"Handball" is a game played with a little rubber ball inside a glass cube. In the game of soccer, there is a violation of the rules known as "Handling.”
The handling offense occurs when a player deliberately plays the ball with “the hand” (which is defined in the technical literature as any part of the arm from the top shoulder seam to the fingertips), even if the arm is not extended. The key is that the player plays the ball, not that the ball plays the player. Unintentional contact with the hand or arm while it is held in a natural position is not a violation. Many less experienced referees tend to call the handling violation too often
When the ball approaches near shoulder level, young players will often use the outside, upper arm area while keeping the arm pressed up close to the body. That is a violation of the rules, but you will see a lot of leeway given for this at the younger ages of youth soccer.
Very young players often tend to raise their hands straight up when faced with a ball over their heads. Usually they are trying to keep their hands out of the way so they can play the ball with their chest or head, but they simply haven’t learned to judge the flight of the ball accurately. Despite their good intentions, if the ball strikes their hands or arms, that is a commonly called as a violation, because their arms are not in a natural position. It is also highly visible to the spectators.
Playing the ball with the top or front of the shoulder is often also called as handling, although technically, it is not. But the judgment of the referee determines that because only the referee has an official opinion on what part of the body was used to play the ball.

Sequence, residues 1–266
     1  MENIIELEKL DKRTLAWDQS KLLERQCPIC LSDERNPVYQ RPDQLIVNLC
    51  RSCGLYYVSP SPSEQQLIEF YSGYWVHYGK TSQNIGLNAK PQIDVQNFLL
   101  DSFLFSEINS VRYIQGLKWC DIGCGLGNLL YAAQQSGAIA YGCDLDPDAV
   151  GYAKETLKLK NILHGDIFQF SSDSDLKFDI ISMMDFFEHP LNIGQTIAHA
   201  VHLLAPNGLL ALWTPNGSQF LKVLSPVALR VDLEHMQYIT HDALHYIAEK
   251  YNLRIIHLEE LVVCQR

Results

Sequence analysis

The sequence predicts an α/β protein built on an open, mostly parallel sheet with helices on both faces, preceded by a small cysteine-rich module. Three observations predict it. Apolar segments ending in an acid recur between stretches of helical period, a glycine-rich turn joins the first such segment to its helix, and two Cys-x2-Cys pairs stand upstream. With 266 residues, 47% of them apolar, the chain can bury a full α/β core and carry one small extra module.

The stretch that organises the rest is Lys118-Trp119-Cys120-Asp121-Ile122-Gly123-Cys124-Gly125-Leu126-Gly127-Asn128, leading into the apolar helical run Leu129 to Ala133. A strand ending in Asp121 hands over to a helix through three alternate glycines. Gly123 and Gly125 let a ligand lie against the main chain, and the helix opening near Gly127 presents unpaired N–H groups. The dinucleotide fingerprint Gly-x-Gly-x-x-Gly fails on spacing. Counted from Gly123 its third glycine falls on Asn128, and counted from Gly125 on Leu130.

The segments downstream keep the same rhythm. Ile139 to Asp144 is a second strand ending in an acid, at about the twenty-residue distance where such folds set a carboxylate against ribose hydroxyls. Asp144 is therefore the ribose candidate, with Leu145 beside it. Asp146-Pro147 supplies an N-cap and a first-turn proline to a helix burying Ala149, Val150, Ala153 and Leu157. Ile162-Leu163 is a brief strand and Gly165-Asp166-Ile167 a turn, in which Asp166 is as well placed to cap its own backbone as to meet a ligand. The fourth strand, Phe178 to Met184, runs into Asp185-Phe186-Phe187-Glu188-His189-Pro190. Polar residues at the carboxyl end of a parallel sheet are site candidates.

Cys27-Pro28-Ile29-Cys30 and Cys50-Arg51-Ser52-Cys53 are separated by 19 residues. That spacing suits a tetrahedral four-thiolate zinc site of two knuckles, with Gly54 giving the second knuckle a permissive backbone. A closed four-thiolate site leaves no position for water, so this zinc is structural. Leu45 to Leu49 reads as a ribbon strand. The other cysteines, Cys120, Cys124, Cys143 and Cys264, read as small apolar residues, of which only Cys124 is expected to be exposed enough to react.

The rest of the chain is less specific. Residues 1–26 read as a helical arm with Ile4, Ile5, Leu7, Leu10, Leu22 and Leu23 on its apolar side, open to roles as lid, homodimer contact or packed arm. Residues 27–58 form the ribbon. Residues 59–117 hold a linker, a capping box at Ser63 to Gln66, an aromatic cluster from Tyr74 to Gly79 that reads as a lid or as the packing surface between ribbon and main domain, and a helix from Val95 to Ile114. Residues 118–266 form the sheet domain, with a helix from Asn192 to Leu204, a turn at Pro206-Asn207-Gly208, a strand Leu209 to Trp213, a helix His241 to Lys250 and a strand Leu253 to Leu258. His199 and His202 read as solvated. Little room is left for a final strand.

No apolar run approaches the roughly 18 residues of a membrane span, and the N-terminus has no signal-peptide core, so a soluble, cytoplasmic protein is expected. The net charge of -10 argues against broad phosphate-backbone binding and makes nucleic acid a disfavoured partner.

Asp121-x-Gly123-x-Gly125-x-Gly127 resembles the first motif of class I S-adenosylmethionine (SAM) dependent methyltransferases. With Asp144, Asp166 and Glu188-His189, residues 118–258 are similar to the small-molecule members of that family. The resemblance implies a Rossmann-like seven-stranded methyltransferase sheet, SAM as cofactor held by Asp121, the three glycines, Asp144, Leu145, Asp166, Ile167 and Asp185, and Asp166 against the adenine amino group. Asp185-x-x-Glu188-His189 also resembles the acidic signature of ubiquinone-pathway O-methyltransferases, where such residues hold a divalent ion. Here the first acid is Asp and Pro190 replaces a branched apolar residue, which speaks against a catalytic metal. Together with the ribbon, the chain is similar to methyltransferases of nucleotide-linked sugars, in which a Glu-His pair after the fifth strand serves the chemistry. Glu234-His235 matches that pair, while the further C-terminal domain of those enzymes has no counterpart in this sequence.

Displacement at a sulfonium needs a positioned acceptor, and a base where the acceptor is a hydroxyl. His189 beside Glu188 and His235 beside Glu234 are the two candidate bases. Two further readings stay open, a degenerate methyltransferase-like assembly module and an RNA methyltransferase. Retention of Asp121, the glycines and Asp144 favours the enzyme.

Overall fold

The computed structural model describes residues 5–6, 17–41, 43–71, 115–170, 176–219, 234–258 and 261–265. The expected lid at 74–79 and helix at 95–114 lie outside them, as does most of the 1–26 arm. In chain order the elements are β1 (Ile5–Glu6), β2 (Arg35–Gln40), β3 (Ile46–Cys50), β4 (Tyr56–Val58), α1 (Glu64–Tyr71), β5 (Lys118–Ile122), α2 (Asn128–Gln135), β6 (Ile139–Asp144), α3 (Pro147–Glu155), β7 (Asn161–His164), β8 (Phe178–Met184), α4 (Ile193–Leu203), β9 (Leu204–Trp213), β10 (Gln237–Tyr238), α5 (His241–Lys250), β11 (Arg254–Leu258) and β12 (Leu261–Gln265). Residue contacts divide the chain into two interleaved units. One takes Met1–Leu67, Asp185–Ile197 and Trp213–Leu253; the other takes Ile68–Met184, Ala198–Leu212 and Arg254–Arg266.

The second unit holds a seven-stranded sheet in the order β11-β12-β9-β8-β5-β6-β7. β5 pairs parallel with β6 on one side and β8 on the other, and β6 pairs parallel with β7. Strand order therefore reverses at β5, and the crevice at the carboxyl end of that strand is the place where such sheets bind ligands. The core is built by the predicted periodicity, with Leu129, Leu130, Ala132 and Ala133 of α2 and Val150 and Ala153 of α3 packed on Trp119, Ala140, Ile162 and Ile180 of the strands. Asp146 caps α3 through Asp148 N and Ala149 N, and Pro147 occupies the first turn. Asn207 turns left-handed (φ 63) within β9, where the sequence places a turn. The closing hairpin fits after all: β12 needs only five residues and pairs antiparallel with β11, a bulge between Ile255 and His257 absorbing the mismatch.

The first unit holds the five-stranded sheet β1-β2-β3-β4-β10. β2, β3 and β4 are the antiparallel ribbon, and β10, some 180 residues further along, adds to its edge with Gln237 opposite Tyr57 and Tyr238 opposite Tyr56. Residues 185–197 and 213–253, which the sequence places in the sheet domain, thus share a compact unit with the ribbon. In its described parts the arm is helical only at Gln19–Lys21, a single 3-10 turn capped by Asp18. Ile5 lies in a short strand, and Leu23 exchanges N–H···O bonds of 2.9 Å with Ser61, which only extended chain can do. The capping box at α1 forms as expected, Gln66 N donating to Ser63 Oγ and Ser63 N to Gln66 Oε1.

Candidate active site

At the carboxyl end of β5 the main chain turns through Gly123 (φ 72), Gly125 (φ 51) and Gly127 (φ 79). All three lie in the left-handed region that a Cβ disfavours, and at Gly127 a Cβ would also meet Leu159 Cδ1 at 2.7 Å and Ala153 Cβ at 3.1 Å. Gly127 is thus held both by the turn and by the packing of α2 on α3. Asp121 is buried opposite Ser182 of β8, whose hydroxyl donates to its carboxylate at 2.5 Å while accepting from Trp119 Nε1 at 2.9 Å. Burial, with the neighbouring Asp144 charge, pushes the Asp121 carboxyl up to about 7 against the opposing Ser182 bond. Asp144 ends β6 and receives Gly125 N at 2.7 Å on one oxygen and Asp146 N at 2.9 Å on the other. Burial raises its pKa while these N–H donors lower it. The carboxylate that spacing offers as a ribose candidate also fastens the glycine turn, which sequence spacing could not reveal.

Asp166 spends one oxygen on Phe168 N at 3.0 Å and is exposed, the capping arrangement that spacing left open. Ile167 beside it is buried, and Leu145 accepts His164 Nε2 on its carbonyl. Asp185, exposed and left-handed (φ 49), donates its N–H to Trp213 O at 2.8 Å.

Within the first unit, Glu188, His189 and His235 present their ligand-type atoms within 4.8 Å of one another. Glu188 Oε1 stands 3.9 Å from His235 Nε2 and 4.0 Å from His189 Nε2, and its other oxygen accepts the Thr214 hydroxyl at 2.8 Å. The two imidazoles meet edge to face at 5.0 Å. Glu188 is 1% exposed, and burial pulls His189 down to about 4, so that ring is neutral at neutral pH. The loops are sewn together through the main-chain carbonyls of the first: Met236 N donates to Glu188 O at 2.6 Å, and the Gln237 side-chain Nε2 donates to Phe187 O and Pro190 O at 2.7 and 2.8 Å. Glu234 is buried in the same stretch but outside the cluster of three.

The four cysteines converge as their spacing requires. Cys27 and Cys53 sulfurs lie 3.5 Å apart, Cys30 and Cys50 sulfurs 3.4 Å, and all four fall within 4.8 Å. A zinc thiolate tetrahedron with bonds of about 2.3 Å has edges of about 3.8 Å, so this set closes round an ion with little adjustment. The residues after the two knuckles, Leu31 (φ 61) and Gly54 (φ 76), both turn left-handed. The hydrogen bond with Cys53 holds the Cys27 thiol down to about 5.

It is instinctive to protect the face or body with the hands from a fast, powerfully-struck ball at close range. Making contact with the ball during a purely defensive reaction is not a violation. Taking the opportunity to direct the path of the ball after accidental contact is a violation. Obviously, this is purely a judgment call by the referee. What is “fast” and what is “close-range” are also judgment calls and will vary by age and experience levels.
To repeat: the handling offense occurs when a player deliberately plays the ball with the hand or the arm. The key is that the player plays the ball, not that the ball plays the player. Unintentional contact with the hand or arm, while it is held in a natural position or as a result of an instinctive protective motion, is not a violation. If the player's team benefits from such unintentional contact, even if it occurs in the penalty area, or even if it leads to a goal or the prevention of a goal, that is called "the breaks of the game.” It is still not a violation.
So, the next time you are at the pitch, calmly enjoying a Saturday morning match, show your sophistication. Remember to holler “handling” rather than “handball” – or, even better, recognize that the situation has been adjudged by the referee to be not a violation at all, and holler nothing. J